In 1854 Bishop Mynster of the Church of Denmark died, and the man who would be his successor, the distinguished theologian Martensen, eulogized him as a “genuine witness to the truth.” This enraged Søren Kierkegaard who began a scandalous series of articles protesting that Bp. Mynster was nothing of the kind:

I cannot keep silent longer, the protest must come, all the more serious for its tardiness, the protest against representing from the pulpit, that is, before God, Bishop Mynster as a witness to the truth; for that is false, and proclaimed in this way it is a falsehood which cries to heaven.

Edmond Browning, the retired Presiding Bishop of the Episcopal Church is now, likewise, dead. Fr. Robert Delgado, my pastor at the end of my Episcopalian days, once collared Bp. Browning in the hall at General Convention and told him that if he didn’t repent from his wickedness in welcoming homosexuality into the church, he would surely go to hell.  Roger White, the Episcopal Bishop of Milwaukee, ordered Fr. Delgado to apologize.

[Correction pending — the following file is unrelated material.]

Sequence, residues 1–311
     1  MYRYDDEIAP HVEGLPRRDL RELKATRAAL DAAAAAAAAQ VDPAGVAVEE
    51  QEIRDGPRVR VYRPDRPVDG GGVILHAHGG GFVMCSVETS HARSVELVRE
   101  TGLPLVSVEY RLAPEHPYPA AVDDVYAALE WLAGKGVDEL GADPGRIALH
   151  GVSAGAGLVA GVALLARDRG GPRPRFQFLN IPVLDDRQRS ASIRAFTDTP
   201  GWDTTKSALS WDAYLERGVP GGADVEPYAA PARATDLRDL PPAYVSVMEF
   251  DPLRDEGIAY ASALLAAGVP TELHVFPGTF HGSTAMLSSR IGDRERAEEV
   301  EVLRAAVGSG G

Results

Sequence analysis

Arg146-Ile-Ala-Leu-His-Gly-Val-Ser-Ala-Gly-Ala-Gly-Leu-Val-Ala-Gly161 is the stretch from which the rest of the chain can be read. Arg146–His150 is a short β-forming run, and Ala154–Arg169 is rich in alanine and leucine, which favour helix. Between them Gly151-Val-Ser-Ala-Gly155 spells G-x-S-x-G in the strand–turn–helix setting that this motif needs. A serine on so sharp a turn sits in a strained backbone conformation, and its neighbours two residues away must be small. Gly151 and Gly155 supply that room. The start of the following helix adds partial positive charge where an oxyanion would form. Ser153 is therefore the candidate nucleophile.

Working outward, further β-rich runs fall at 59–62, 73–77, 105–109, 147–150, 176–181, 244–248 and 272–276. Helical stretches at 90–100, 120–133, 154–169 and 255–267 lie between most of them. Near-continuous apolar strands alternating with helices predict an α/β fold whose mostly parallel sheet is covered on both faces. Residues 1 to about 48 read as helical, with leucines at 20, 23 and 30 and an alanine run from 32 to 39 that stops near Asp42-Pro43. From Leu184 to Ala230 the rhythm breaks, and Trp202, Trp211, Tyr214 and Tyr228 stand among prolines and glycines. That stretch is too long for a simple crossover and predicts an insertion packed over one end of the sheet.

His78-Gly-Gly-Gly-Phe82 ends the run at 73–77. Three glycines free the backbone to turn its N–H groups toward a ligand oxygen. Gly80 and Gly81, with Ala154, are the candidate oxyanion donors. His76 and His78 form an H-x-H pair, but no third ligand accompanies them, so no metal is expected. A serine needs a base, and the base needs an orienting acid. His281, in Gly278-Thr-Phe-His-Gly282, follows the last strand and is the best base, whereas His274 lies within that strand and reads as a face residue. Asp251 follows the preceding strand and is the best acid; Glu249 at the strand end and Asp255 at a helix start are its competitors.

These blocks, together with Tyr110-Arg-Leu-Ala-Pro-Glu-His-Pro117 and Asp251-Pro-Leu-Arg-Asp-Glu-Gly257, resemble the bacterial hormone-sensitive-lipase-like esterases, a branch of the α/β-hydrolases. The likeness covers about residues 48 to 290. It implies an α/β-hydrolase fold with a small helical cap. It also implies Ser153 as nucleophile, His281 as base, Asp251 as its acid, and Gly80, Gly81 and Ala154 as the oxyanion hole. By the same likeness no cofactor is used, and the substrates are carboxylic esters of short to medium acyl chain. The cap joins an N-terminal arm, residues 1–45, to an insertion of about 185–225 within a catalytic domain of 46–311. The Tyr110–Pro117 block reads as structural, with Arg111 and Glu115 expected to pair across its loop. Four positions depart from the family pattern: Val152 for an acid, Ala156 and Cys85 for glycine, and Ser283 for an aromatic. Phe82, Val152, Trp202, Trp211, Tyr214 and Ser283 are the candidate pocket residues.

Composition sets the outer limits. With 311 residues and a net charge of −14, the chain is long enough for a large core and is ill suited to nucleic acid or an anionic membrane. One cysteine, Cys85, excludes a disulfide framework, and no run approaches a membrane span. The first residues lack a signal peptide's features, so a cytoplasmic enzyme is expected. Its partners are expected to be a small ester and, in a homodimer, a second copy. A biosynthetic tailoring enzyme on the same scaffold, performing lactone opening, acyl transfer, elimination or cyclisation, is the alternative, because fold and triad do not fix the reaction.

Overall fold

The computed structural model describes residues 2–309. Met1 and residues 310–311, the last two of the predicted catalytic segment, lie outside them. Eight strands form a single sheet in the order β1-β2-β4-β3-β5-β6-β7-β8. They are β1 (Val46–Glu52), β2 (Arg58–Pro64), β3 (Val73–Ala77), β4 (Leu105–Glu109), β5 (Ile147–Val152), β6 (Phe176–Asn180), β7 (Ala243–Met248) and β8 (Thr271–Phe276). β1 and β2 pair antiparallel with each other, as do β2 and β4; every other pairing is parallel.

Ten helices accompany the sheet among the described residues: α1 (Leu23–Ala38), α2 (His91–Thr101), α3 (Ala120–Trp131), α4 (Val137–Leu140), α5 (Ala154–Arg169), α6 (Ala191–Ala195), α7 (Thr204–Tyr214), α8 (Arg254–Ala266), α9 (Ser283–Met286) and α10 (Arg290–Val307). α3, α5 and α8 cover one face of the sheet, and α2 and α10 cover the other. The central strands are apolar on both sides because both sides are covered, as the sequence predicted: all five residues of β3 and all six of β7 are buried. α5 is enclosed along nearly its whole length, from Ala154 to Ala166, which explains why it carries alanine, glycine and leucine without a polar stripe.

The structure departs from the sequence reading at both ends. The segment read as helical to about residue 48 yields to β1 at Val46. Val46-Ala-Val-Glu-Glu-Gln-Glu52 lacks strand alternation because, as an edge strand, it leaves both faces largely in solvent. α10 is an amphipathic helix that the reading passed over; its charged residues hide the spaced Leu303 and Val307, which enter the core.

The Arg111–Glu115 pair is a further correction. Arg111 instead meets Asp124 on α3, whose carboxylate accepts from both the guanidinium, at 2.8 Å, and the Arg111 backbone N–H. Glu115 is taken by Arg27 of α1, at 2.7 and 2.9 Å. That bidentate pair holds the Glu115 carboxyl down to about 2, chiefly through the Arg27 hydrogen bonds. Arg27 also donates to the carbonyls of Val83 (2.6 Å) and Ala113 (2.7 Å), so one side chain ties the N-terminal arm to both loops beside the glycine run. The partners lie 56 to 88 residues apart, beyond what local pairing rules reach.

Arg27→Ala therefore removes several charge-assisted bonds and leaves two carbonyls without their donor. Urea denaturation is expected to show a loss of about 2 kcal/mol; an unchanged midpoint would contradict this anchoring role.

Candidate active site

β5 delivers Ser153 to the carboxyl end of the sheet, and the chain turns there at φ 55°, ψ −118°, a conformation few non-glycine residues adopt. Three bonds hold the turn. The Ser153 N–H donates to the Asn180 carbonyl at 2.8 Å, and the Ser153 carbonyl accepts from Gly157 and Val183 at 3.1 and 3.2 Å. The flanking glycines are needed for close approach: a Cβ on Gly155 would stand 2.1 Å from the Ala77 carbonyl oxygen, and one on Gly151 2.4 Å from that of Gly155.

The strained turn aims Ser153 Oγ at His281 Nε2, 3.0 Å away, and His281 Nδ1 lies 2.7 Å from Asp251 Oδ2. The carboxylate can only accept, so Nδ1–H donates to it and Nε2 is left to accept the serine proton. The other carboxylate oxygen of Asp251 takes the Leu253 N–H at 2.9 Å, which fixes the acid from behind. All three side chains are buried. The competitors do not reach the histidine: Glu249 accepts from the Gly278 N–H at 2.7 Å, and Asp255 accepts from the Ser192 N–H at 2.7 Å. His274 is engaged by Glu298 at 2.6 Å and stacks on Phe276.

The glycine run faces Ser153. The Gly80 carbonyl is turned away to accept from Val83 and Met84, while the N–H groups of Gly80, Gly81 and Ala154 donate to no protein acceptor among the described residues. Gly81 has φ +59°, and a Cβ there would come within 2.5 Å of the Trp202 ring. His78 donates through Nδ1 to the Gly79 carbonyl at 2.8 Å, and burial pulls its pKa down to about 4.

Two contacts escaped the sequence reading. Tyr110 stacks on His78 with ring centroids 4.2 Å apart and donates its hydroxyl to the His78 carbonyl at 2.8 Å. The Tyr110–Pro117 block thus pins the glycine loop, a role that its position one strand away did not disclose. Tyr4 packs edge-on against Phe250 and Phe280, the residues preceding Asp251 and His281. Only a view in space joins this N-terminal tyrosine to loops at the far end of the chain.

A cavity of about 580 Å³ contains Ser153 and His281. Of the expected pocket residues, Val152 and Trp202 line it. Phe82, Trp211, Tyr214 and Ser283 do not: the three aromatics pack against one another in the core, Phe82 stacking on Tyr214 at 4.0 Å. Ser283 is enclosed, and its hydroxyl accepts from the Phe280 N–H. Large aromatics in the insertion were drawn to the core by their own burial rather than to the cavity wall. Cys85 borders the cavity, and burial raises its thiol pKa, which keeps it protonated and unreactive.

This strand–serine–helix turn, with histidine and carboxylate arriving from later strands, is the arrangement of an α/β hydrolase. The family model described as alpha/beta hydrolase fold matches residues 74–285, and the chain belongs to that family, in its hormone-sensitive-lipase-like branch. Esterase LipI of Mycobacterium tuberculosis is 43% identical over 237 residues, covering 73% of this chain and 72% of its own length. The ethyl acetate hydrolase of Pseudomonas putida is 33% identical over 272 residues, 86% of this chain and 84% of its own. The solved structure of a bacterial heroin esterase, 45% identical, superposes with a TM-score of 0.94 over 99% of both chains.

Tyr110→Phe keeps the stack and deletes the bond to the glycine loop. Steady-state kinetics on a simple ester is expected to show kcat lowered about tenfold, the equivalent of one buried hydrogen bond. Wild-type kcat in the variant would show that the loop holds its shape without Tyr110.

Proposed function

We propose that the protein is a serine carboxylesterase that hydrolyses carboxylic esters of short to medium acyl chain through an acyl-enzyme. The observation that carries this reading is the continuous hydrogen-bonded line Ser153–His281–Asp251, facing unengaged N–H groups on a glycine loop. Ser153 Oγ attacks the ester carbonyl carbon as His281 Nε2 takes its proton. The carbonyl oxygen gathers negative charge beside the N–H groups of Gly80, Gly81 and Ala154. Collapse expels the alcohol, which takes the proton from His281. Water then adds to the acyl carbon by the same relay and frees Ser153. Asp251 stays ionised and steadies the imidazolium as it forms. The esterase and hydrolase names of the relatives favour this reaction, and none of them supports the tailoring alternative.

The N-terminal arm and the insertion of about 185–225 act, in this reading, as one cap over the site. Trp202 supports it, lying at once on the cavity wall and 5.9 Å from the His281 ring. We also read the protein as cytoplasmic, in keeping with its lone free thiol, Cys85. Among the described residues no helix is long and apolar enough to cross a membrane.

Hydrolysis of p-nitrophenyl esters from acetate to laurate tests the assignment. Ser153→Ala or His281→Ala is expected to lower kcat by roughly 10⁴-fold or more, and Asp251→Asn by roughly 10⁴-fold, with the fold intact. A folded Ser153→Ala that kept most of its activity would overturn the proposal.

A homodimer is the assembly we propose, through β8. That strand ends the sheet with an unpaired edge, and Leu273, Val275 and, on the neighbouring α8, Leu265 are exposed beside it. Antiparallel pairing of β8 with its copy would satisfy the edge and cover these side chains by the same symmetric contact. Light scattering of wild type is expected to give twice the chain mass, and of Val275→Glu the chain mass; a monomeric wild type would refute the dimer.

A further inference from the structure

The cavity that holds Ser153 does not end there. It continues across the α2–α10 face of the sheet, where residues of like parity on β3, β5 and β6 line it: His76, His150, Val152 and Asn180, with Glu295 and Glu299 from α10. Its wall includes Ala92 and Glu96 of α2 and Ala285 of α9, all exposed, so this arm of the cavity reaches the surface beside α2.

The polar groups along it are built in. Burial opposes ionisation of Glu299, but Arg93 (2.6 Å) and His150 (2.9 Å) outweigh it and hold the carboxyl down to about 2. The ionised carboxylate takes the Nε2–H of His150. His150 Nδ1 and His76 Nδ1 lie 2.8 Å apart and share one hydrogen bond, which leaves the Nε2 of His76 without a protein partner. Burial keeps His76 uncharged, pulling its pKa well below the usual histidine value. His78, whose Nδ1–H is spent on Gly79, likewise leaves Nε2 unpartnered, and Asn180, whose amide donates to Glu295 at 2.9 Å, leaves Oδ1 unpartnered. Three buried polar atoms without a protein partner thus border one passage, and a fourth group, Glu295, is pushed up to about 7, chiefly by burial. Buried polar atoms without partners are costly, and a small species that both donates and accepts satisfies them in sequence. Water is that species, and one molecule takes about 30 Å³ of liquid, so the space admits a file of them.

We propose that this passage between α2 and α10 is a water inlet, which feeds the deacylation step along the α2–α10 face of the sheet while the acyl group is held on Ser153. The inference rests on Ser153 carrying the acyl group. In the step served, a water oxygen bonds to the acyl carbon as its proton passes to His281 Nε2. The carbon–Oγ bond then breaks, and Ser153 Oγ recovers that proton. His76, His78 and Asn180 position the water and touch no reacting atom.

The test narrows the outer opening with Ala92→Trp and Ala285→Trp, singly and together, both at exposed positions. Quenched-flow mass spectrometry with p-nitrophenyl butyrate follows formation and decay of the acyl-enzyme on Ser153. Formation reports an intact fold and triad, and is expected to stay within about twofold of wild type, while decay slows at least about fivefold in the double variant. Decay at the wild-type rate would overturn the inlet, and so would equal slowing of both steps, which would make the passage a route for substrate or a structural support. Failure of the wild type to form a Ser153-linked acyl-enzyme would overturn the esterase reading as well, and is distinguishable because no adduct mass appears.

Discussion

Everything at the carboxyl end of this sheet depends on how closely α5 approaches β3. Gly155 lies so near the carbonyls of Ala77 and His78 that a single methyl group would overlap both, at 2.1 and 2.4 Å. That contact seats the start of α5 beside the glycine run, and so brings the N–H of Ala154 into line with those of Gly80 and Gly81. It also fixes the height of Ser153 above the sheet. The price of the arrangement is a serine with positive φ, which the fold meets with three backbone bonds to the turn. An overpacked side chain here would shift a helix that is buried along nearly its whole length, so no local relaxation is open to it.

I listened to Bp. Browning preach once.  He was phenomenally clever, a master of guile and dissimulation.  This is a characteristic one finds in just about all liberal church leaders.  As long as it is necessary for them to deceive the simple (contributors) into making them think they are Christians, they use Christian language, but one knows by their actions that they are nothing of the sort.  Their preachments are designed to be heard on two levels, the level at which the useful idiots who want to can still believe their leaders are not only Christian, but wonderful men as well, and that at which the cognoscenti know what they are really saying.  It is maddening to listen to, for you know that they know that you know what they are up to, but they mock the knowledgeable orthodox by addressing the sheep in their presence–the stupid, stupid, sheep, who go bleating happily to high tea with the wolf who looks and sounds like what they think a bishop ought to look and sound like–the central casting bishop who, unlike the sour, angry, uninclusive, orthodox, is obviously a nice, warm, loving man, with arms open to everyone and who is anxious to let a thousand blossoms bloom.

No Christian could wish Edmond Browning ill in this world or the next, and nothing would please them more than meeting him in glory clothed and in his right mind. But the Lord’s question re-forms in consideration the lives of Robert Delgado and Edmund Browning. Who upon leaving the temple went down to his house justified?